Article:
PART ONE: CIVILITY BETWEEN LAWYERS
Civility is defined as something said or done in a formally polite way. Many people involved in litigation would say that civility at trial does not exist or at least is certainly rare. In family law, the recent case of Marriage of Davenport discusses the lack of civility between lawyers. But there are also issues in the lack of civility between the parties, and sometimes even the lack of civility between judges and lawyers. Over the next few weeks, I will explore the lack of civility which I have observed often to exist among these three groups.
Being Civil Does Not Mean Being Weak
Civility among lawyers does not mean that either lawyer lacks aggressiveness or vigorous advocacy. Each lawyer in fact has an ethical obligation to zealously represent his or her client. Zealously does not mean being uncivil, abrasive, rude, condescending or demeaning. Zealous means full of energy, effort and enthusiasm. Many lawyers in their efforts to be zealous become uncivil with each other through oral and written communication that devolves into personal attacks. This is such an important issue that in 2011, the California Court of Appeal took civility head on in Marriage of Davenport, 194 Cal. App. 4th 1507.
A Lack of Civility May be Sanctioned
In this case the Court of Appeal gave a stern reminder to lawyers about their conduct and made it clear that free speech and zealous advocacy are no defense to a claim for sanctions brought about by a lawyer’s uncivil behavior. The court warned that unnecessarily demeaning, accusatory and personal attacks contained in correspondence or pleadings serve no useful purpose in advancing the resolution of disputed issues.
Practicing family law is made difficult because of the high emotions of the clients, which in turn places high demands on the lawyers. Every day family law attorneys are inundated with not only those demands placed on them by their clients, but also by the opposing counsel (who is facing similar high demands from his or her clients) and by the courts. Thanks to movies and television, many clients have an image of what they believe a lawyer should be – tough and nasty. Many clients want to use their lawyer to punish their spouse and his or her lawyer, and too often many lawyers − for whatever reason – embrace this image and act accordingly. This is where civility breaks down and becomes personal attacks. For the lawyer who is the target it takes great restraint not to respond in kind, but lawyers who strive for civility have likely developed defenses against the uncivil, personal attack from opposing counsel.
An Example of Incivility
I recently experienced an unfortunate example of such a situation. To express my frustration with opposing counsel’s focus on insulting me and my client rather than working productively to move the case toward resolution, I sent him a two paragraph letter advising him that his negative and toxic behavior was unacceptable and that we would seek court orders to move the case forward. I saw no other choice because each oral and written communication with this lawyer resulted in him personally attacking me. In response, I received a multi-page, single spaced letter filled with personal attacks! In my 18 years of practicing law, never has a lawyer lashed out at me in this fashion. While I very much wanted to respond, not only to defend against the allegations but to speak my mind about how unprofessional this lawyer was acting by churning the case for his own economic benefit, I did not. Instead, I simply responded by referring him to the case of Marriage of Davenport. That worked – at least for now. The personal attacks have stopped, but unfortunately, the lawyer continues to refuse to work toward resolution. So, the case will be litigated and a judge will make the decisions, which is unfortunate, but at least the litigation will force the case to an end.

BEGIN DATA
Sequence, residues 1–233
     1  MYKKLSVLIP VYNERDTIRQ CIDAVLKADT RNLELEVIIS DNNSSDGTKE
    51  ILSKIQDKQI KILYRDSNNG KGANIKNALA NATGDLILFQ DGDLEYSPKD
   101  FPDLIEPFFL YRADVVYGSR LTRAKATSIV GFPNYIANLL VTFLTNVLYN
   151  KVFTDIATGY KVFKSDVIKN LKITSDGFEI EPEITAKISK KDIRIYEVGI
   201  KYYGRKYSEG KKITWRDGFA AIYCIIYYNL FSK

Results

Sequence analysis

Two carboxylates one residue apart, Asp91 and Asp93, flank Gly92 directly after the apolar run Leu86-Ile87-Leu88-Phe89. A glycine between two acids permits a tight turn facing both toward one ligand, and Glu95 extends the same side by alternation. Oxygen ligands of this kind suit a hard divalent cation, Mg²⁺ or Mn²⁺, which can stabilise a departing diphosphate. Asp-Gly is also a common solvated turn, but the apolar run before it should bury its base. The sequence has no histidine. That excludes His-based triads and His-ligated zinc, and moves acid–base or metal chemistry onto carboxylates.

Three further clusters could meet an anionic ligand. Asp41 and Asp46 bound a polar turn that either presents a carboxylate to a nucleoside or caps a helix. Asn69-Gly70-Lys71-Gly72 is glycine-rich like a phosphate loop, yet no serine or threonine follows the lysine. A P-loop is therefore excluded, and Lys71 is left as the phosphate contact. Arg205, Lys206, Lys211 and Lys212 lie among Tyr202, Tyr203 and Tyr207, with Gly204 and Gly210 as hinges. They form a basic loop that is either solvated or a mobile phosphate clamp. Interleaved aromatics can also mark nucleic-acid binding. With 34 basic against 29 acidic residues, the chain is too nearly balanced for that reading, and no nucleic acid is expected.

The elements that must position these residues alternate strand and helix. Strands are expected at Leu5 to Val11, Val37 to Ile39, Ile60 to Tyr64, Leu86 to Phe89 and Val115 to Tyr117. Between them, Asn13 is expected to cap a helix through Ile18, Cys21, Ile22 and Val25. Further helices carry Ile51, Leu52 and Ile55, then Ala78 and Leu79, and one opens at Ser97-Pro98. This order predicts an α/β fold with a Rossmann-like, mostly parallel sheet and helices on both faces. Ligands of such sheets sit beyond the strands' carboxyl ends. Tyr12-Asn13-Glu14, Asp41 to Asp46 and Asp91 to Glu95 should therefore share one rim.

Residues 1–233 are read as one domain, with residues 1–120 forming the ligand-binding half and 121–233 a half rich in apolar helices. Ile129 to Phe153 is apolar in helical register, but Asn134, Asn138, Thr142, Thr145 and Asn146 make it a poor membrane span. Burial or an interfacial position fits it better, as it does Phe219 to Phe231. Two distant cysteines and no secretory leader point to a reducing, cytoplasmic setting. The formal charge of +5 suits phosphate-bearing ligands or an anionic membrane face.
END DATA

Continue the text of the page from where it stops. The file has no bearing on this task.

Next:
Even in Litigation, Civility Is Required
Even in litigation, civility as shown by cooperation is required. Anyone who has litigated knows the judge expects the lawyers to meet and confer not only on the merits of the case (i.e., the issues in dispute), but also on the exhibits to be used at trial, the presentation of witnesses and other issues important to trying the matter. Such cooperation is required and is in the best interests of all parties. There should not be any conflict between being an advocate and working cooperatively to achieve the goals of the client.
Is Incivility on the Rise?
Civility among lawyers has always been an issue. However, I feel that as the economic recession has dragged on, many lawyers are so desperate for business that they are doing more to fuel the emotions behind the case so that it stays highly contested − thereby resulting in more attorneys’ fees. This is no excuse. Clients should not bear the cost of a longer trial just because their lawyer needs the business nor should lawyers use this as a reason to treat their colleagues so poorly – it is simply not professional. I am proud to say that personal attacks are not my style, and that our legal practice is vibrant and therefore we do not face the quandary of putting our economic interests over those of our clients.
As stated in Marriage of Davenport, “Zeal and vigor in the representation of clients are commendable. So are civility, courtesy and cooperation. They are not mutually exclusive.” This is a lesson that all parties (and lawyers) should take to heart for their own benefit.